The President’s Message:
Please bring any ideas or suggestions for future programs to the next
meeting. Your input would be greatly appreciated.
Be sure to tell friends and acquaintances
about the Round Table. I am always surprised that often people have an
interest in the Civil War and know nothing about our organization.
April 12, 2017 Program:
Our next speaker is
an old friend of the Roundtable, Marshall D. Krolick, who enlisted in
the Chicago Roundtable in 1961 where he served as President, Editor of
the Newsletter and in 1985 was awarded an Honorary Life Membership.
His topic will be: Brandy Station.
March 8, 2017 Program:
Making of the Movie Gettysburg
was presented by Patrick Falci, actor and performing
historian. He portrayed A.P.
Hill in the movie.
Patrick Falci always gives a
mesmerizing program as he did last year portraying AP Hill.
Patrick was historical advisor for the movies
Gods and Generals
that were written and directed by Bob Maxwell.
In addition to the historical research and supplying photographs
of the era, Patrick scouted out locations in Maryland for the films.
Patrick took Maxwell on a Stonewall Jackson tour of Civil War
battlefields and other historical sites.
Patrick played Rough Rider #2 in producer/actor Tom Berenger’s
film of the same name. He,
served as Jeff Shaara’s historical advisor, and provided research and
tours of Civil War sites portrayed in his books.
Patrick vetted John Jakes’s manuscripts for
On Secret Service
Charleston, at its editor’s request.
Because Mr. Falci did
not provide us with a written transcript of his presentation, we were
forced to give a brief synopsis in this newsletter.
This is a good time to ask readers of this communications vehicle
if you would volunteer to be the recording secretary.
As media director, I will take the story from there and turn it
into both the printed and website version of the newsletter.
was released in 1993.
It was the film representation of the book
Killer Angels by Michael Shaara.
But the story of Patrick Falci and the movie really go back to
1964. At that time young
Patrick was taken by his family to the Gettysburg battlefield.
While walking the ground he fell in love with the history and
vowed to return some day.
Killer Angels, came out in 1974
and was awarded the Pulitzer Prize for Fiction in 1975.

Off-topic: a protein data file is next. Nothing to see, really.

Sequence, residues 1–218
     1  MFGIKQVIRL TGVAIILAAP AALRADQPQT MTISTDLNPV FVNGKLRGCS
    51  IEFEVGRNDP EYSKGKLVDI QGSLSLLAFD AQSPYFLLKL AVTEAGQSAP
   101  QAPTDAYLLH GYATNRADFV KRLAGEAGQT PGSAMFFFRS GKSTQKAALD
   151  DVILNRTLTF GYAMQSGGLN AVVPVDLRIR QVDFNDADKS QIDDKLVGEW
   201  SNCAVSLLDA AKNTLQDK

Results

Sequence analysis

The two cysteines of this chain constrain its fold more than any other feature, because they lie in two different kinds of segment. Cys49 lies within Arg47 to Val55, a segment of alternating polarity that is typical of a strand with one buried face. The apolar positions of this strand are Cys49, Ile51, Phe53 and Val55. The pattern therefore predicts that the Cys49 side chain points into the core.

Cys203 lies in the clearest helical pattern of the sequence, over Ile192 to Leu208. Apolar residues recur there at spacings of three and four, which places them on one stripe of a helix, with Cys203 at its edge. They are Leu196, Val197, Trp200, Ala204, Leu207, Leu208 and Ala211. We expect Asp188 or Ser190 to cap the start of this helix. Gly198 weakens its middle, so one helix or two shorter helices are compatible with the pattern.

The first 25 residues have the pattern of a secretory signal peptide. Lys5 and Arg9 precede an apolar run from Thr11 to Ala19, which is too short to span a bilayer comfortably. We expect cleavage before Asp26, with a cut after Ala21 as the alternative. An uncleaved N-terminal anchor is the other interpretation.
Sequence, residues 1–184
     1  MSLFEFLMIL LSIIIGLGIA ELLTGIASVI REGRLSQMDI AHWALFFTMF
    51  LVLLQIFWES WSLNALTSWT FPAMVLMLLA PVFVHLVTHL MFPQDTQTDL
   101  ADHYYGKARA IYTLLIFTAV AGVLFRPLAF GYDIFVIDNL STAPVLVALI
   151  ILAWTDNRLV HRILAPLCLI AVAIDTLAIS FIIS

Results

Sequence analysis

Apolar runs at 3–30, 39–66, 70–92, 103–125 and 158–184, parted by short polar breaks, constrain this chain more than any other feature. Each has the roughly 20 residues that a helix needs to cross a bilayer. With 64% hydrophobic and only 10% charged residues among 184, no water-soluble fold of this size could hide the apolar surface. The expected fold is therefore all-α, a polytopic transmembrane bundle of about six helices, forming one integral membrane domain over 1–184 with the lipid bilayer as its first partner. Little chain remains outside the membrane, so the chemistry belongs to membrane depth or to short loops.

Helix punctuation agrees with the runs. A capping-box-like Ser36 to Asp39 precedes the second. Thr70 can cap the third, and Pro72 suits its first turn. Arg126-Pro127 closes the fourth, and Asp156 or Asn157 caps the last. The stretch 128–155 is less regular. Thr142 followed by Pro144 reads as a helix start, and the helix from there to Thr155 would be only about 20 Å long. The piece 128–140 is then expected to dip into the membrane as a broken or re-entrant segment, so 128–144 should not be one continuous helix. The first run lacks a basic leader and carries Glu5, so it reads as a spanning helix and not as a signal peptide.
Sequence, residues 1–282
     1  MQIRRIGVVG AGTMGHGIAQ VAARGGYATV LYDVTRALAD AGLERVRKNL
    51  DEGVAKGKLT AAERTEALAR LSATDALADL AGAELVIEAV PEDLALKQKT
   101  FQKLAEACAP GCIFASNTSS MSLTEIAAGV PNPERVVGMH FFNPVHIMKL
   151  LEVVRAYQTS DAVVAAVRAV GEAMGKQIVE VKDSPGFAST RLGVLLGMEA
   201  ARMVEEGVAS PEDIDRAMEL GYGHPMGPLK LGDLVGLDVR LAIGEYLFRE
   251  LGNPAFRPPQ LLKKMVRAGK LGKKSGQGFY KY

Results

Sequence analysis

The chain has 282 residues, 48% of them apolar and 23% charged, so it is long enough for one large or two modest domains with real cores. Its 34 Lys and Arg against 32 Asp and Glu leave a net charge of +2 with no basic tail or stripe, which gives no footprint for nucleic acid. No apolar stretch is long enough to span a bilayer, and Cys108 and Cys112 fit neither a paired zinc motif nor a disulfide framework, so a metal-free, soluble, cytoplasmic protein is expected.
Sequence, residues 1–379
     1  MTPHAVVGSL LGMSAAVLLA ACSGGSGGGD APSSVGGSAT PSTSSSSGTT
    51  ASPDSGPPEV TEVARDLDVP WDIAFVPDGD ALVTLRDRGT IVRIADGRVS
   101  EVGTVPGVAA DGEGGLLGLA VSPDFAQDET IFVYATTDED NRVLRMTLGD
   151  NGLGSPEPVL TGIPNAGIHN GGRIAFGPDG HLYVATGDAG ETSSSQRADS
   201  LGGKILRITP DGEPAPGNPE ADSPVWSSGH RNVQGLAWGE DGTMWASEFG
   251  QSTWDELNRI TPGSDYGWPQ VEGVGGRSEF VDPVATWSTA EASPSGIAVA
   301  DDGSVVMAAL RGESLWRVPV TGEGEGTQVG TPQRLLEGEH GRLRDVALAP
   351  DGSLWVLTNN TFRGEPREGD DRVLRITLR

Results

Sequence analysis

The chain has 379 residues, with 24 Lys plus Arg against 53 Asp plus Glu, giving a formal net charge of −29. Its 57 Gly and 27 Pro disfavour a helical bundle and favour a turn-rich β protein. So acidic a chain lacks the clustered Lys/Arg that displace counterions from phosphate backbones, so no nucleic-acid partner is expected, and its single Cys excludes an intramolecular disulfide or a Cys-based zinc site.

Sadly, the book did not sell well.
It was, however, given to Ron Maxwell a year later.
Maxwell thought the story had the seeds for a movie, so the stage
was set for a 17 year gestation period.
Needless to say, that tale had many twists and turns, which
provided the material for Mr. Falci’s presentation.
In 1980 a first
attempt was made to bring the film to life.
Maxwell’s idea was to produce a low budget film in eastern Europe
starring, perhaps Marlon Brando or Charlton Heston.
This concept had star power, but there was no way it could have a
cast of thousands and be true to the historical detail.
It went nowhere. In
1986 6,000 Civil War reenactors did the 125th anniversary of the
battle of Shiloh on site at Pittsburg Landing.
This lead to the prospect that reenactors could provide “mass”
for a full length movie at the site where the battle took place.
certain conditions, about 12,000 reenactors agreed to work on the
project with Maxwell in 1988.
About this time Michael Shaara died.
Fortunately, both Patrick Falci and Ron Maxwell were based in New
York City. They met when
Maxwell was once again casting for actors.
Patrick, who had been playing AP Hill, applied for the part.
He had plenty of acting skill, such that when he was given a
script to read, he memorized it.
He played the part so well he was given the role.
The movie did not have a large part for AP Hill, so Patrick did
not really face “big name” competition.
It allowed him to strike up a relationship with Maxwell and
Michael Shaara’s son Jeff.
In 1990, the project
fell apart for the second time, but was revived only to fail for the
third time in 1991. However,
interest in the Civil War was growing.
ABC did a drama about Custer.
Ken Burns had a blockbuster hit with his documentary.
Ted Turner showed interest for something for his TNT network.
He kicked in $12,000,000, 5,000 reenactors agreed to man the
battle scenes, and the Gettysburg battle field agreed to allow 26 days
of filming on site. The
project under went a name change as Killer Angels sounded too “biker”
for the marketing folks. So,
the film title was changed to
and the movie finally
began to take shape. When it
started the film was only to be a mini-series for TNT.
Turner through in another eight million dollars to give the
project the “full Hollywood” treatment.
It was about this point that Patrick and Jeff Shaara became good
A long list of stars
were asked about playing the lead.
The team asked Robert Duvall, Paul Newman, John Voight, James
Garner, Richard Harris, George C. Scott, and Martin Sheen.
The pick of Sheen to play Lee was not without its problems.
He had problems with his horse and the warm temperature in a wool
uniform. Being dyslectic, he
had issues learning his lines.
Tom Berenger, who played Longstreet, even helped out by writing
the line “and Hill will support” on the map.
This can be noticed in the final cut if you look carefully.
Last changed: 04/04/17